GOVERNMENT OF ANDHRA PRADESH
Rc. No. 45008/2003/PMU-I/1,
of the Principal Chief Conservator of Forests
Complex, M.J. Market Road, Hyderabad.
Sri. S. K. Das, I.F.S.,
Chief Conservator of Forests.
- CFM – Tending of Seethaphal trees in VSS areas – Reg.
Anona squamousa, the custard apple,
popularly called Seethaphal is prdominent NTFP species available
mostly in the degraded forests of the State especially in drier
districts like Rangareddy, Medak, Nizamabad, Nalgonda, Mahabubnagar,
Kurnool, Kadapa, Chittoor etc. this species grows in some pockets even in
the moister districts like East Godavari, West Godavai, Visakhapatnam
etc., It is a native of tropical South America and
the West Indies, but has become naturealised in this country through
extensive cultivation for the sake of its edible fruit.
It has run wild, particularly near and old inhabited sites,
in several parts of central and western India and in the Deccan
Peninsula. This species yields high value delicious and
nutritive fruit which is much relished for its flavour and tasty
custard available within. This
fruit is a major NTFP product in the drier tracts fetching substantial
revenues to the VSSs. Some
of the VSSs earn a couple of lakhs of rupees from the sale of
this fruit. In addition
the VSS members and their families enjoy consumption of this fruit
for its nutritive values.
Over the years, our experiences has
been that the production of the fruit in the forests is slowly
dwindling due to improper management of the forests and the prevailing
drought conditions recurring year after year.
Because of the poor soil moisture conditions prevailing
the fruits often do not attain big size resulting in reduction
in the sale and nutritive value of the fruit. During acute drought years the trees although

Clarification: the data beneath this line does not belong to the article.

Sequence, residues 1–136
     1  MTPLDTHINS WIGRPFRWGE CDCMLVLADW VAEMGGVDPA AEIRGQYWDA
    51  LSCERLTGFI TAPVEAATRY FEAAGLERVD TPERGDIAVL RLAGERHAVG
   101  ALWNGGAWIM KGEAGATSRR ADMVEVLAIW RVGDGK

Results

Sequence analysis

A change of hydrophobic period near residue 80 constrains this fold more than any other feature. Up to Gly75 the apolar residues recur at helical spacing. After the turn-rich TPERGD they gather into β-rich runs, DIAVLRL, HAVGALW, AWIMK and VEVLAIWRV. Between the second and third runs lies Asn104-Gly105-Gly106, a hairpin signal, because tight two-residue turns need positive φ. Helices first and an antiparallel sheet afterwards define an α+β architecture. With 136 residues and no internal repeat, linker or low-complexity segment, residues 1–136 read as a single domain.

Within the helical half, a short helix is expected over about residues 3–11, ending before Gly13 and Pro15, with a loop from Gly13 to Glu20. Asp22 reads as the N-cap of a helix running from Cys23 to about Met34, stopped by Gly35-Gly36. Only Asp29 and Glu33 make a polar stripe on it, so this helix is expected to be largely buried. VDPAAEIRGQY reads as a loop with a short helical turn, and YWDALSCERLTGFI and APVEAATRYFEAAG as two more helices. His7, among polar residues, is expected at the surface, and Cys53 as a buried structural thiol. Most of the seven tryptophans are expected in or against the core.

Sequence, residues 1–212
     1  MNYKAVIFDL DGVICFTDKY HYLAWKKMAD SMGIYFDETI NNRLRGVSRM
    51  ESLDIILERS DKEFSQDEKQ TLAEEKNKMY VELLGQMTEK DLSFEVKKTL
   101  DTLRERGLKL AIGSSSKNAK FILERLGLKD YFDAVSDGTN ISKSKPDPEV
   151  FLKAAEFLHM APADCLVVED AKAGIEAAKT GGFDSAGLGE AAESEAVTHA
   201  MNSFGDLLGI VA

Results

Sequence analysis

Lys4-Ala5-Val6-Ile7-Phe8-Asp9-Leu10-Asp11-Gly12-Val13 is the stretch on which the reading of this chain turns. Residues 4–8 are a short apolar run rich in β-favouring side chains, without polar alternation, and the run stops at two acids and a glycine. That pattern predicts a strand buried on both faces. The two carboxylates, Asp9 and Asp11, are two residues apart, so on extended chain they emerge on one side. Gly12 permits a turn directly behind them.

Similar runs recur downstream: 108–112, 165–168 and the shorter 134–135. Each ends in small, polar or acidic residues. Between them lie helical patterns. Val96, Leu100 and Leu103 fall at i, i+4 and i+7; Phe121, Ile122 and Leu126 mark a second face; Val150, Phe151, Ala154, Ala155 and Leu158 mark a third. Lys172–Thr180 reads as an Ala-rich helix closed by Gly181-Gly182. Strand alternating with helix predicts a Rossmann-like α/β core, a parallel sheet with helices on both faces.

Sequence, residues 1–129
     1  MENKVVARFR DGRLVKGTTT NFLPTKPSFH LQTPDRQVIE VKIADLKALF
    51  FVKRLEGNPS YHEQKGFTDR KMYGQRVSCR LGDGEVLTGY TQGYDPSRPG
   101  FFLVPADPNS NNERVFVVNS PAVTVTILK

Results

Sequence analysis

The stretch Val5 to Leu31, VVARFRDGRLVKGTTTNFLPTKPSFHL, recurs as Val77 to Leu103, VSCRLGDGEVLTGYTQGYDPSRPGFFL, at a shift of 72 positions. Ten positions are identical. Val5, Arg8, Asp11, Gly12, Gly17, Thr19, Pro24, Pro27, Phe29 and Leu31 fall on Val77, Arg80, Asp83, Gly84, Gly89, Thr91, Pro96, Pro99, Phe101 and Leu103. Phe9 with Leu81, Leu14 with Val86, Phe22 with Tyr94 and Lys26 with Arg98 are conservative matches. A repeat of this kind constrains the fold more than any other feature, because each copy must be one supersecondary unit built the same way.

throw a number of fruits, most of them end up drying on the branches
Whereas the department is encouraging
plantations of custard apple in large areas with improved high
yielding varieties with short gestation grafted seedlings, hardly
anything is done to improve the health of the naturally existing
trees in the forests to improve the production and quality of
It is a matter of common knowledge
that custard apple trees growing in depressions, along the nalas
and along the farmers’ field bunds with good moisture conditions
grow greener, richer and yield more fruit in comparision to the
trees that look unhealthy, etiolated with yellow leaves growing
in areas under moisture stress conditions.
Under the APCFM project under the treatment
components “Improvement of degraded forests”, “Rehabilitation
of degraded non-teak Miscellaneous hardwood forests”, in which
forests the custard apple trees occur predominantly, there is
a provision for Silvicultural prescriptions for promotion of desirable
NTFPs with adoption of suitable Silvicultural practices and soil
cultivation. With slight
Silvicultural interventions and soil working to these custard
apple trees, the production and quality of the fruits in the VSS
areas can be considerably enhanced.
The possible Silvicultural interventions could be clearing
of the thorny weeds around the custard apple trees to avoid congestion
and competition from these weeds.
Formation of a deep semi lunar trench
at the bases of the plants by digging the soil may be a foot deep
and a foot wide and heaping the soil so obtained at the base of
the stems will help improving the soil moisture regime.
Where the trees grow on slopes, semi lunar trench may be
formed on the lower slopes for the water accumulation during rains
which improves the soil moisture regime.
Application of manure preferably vermin compost will improve
the fertility of the soil. These operations will boost up production of
quality fruits with bigger eyes and copious custard within the
fruits. The increased production and quality of fruits
will increase the revenue of the VSSs.
Further, the villagers and their children also improve
their health due to the consumption of more nutritive fruits.
I am sure you will appreciate the need
to tend these naturally growing custard apple trees, improve the
productivity of the degraded forests, and increases the income
levels of the VSSs thus ameliorating living conditions of the
This operation may go as one of the
FSR items, so that the field officers do not loose sight of this
important operation in forest treatment.
Sd/- S.K. Das,
Chief Conservator of Forests.
All the Conservator
Copy to all the Divisional
// t.c.b.o. //